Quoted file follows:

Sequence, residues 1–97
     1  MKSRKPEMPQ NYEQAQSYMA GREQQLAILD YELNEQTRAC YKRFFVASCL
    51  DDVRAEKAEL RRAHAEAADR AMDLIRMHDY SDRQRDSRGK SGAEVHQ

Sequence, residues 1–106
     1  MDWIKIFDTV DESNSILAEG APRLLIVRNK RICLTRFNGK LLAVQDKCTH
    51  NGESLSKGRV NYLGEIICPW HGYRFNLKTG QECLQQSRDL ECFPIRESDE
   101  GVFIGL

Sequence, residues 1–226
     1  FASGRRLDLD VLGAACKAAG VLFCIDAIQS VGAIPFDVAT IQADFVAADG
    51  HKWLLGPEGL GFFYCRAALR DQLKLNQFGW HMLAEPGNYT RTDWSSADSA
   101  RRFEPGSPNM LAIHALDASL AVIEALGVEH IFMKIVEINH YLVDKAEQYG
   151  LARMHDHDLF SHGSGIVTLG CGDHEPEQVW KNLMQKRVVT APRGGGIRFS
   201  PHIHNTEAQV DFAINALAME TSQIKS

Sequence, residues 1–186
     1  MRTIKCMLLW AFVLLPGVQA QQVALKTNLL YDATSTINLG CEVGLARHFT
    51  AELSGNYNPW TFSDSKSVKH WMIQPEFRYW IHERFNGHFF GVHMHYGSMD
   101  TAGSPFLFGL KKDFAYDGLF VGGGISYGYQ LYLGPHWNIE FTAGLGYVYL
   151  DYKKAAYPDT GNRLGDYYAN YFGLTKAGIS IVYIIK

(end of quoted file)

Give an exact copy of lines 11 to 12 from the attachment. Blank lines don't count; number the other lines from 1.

   101  RRFEPGSPNM LAIHALDASL AVIEALGVEH IFMKIVEINH YLVDKAEQYG
   151  LARMHDHDLF SHGSGIVTLG CGDHEPEQVW KNLMQKRVVT APRGGGIRFS